Portfolio Positioning and Outlook

The portfolio entered 2015 with adjusted exposure of about 59% net long broken down as follows:

table_4

Net exposure is a bit above the fund’s long-term average of 50%; we’re finding a reasonable mix of long and short ideas. Mostly dampened volatility continues to favor puts as the most efficient way to express negative opinions. We’ve always preferred to express highly uncertain, binary, volatile, or small cap short ideas as puts, and that will remain the case most of the time. Long-term puts (LEAPs) are also quite interesting when available, since they’re one of the few ways to hedge tax efficiently. Higher volatility would make conventional shorting more attractive as a means of hedging if borrowing fees are reasonable.

In general, we’ll tend to get longer during oversold markets and shorter during overbought markets. When we have lots of good long investment ideas, we like to be close to 100% gross long. We’ll then hedge a portion of the long exposure on an opportunistic basis depending on the number, nature and attractiveness of short ideas as well as how they may correlate to the long positions. The average upside to our fair value targets in the long book was about 40%, similar to the beginning of the year. General appreciation during the year eroded some or all of the upside in certain positions but we were able to find new ideas to replace them. The non-energy-linked portion of the short and put books remains very attractive while the energy hedges are playing out quickly. Key themes in the short/put books are: Credit Exposed Equities, Imperiled Gold Mines, Bloated Restaurants, The Crowded Cloud and Unproven Technologies.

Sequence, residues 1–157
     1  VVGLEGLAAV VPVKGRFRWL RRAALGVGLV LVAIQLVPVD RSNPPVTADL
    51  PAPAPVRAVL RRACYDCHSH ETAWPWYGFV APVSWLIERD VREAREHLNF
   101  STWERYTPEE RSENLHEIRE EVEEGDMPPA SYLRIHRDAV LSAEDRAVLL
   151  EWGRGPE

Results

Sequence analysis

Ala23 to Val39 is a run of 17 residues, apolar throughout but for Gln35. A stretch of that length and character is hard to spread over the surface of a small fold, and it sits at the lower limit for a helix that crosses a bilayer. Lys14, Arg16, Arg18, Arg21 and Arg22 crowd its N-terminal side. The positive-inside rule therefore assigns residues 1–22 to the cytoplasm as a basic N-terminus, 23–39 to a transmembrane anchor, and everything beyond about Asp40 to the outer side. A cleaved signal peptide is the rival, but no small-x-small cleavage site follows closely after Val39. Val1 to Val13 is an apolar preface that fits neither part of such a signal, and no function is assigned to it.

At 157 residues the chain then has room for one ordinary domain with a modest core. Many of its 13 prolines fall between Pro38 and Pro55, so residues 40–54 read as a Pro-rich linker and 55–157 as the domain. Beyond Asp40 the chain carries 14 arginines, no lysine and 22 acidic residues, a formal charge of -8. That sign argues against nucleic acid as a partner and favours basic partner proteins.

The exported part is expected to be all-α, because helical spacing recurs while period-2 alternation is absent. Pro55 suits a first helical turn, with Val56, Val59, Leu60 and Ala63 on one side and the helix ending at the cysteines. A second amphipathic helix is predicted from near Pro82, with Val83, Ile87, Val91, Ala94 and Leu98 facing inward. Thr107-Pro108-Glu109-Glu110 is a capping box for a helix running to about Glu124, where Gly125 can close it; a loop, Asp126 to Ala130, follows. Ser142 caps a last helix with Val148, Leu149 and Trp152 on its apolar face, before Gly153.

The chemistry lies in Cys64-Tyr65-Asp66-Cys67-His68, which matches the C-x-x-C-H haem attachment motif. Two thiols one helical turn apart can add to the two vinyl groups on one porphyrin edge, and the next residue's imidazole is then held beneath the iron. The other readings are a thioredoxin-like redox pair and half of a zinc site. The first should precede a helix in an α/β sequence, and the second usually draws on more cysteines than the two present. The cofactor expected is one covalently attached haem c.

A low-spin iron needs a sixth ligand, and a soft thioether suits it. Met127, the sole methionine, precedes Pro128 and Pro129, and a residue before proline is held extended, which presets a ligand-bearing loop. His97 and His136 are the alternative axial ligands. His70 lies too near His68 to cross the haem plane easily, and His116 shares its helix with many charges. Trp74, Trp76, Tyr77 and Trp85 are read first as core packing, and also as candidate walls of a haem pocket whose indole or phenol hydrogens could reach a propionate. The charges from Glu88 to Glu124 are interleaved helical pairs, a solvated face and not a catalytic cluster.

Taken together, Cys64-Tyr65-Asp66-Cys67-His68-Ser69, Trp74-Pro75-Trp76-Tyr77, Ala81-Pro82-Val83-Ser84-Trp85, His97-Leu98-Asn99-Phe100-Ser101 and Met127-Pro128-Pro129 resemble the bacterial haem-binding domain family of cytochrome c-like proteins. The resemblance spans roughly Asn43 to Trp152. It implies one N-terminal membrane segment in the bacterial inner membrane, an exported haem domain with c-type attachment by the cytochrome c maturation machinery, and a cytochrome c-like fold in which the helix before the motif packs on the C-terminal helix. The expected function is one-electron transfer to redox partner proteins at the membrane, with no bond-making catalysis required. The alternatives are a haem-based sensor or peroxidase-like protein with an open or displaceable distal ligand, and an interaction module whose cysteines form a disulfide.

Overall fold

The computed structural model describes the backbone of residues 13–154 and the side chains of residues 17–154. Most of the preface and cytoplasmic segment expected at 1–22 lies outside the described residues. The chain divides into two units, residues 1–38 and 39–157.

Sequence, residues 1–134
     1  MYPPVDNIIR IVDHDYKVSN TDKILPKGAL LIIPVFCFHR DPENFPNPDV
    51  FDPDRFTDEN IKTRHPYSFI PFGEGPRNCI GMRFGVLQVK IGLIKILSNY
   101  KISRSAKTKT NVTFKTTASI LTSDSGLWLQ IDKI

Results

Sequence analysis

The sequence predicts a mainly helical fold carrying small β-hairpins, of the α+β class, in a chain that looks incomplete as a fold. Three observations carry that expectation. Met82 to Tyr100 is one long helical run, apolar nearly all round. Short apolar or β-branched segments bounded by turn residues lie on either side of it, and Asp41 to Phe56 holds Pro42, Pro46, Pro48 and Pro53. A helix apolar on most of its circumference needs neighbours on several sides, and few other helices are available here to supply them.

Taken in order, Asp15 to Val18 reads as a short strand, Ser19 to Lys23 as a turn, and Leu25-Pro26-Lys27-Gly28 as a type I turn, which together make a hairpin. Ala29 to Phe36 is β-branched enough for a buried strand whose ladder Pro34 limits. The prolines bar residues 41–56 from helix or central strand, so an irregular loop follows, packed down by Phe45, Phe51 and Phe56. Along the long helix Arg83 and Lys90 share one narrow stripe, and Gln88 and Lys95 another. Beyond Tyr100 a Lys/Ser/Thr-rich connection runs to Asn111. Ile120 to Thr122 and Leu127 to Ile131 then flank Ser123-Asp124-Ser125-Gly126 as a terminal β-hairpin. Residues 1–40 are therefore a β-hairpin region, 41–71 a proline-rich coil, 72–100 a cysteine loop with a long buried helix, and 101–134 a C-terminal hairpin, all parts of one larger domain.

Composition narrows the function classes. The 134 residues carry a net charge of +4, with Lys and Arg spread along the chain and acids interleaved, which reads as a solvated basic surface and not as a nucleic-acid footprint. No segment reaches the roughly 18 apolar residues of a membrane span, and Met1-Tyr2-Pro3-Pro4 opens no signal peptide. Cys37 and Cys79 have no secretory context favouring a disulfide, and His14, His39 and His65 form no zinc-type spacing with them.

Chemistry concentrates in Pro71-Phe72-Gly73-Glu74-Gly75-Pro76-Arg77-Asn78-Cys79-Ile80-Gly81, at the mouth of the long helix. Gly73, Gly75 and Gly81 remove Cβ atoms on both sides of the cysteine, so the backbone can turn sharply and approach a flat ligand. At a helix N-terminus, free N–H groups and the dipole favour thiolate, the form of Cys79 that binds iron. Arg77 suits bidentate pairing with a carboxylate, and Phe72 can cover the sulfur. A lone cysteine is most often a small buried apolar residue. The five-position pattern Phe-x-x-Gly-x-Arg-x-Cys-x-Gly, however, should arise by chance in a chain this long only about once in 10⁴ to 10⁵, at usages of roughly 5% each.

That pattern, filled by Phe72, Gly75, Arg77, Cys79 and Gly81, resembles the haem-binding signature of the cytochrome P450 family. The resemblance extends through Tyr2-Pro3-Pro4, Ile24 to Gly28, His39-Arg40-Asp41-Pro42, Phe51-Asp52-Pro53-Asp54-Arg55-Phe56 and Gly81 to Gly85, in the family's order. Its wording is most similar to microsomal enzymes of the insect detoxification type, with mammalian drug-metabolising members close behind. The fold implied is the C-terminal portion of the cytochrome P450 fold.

Leverage

We are currently using little to no margin debt in the Partnership and employed little to none during 2014. We’re generally seeking investments where expected returns are sufficiently attractive without the use of debt capital, though we are open to conservatively employing modest leverage in times of extreme opportunity or when the cost of borrowing can be locked in at an extraordinarily cheap price over a time horizon matching that of the investment to which it’s tied. The investments in our current long book on average have very modest levels of leverage on their own books, although there are a few highly leveraged (and typically out-of-favor/distressed) situations where we feel a company’s outlook is improving and debt is being reduced in a manner that can be quite beneficial to equity holders. On the flip side, a segment of our short book is frequently dedicated to companies with leveraged balance sheets in combination with other looming problems.


The above article has been excerpted from the Crawford Capital Partners, LP 2014 Annual Review.
This document does not constitute any offer to issue or sell, or any solicitation of any offer to subscribe or purchase an interest in Crawford Capital Partners, LP. A private placement must precede any offering of interest. This document is confidential and intended solely for investors and their agents. Any use, distribution, republication, forwarding or copying without the express written permission of Crawford Fund Management, LLC is strictly prohibited.